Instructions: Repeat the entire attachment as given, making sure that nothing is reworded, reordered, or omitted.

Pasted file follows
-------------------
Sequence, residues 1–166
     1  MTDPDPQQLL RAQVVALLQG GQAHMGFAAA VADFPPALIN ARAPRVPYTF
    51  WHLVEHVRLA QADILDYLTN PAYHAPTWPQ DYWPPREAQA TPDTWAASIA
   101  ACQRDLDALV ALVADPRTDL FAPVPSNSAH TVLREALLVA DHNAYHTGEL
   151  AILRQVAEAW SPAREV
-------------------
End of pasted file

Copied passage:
Sequence, residues 1–166
     1  MTDPDPQQLL RAQVVALLQG GQAHMGFAAA VADFPPALIN ARAPRVPYTF
    51  WHLVEHVRLA QADILDYLTN PAYHAPTWPQ DYWPPREAQA TPDTWAASIA
   101  ACQRDLDALV ALVADPRTDL FAPVPSNSAH TVLREALLVA DHNAYHTGEL
   151  AILRQVAEAW SPAREV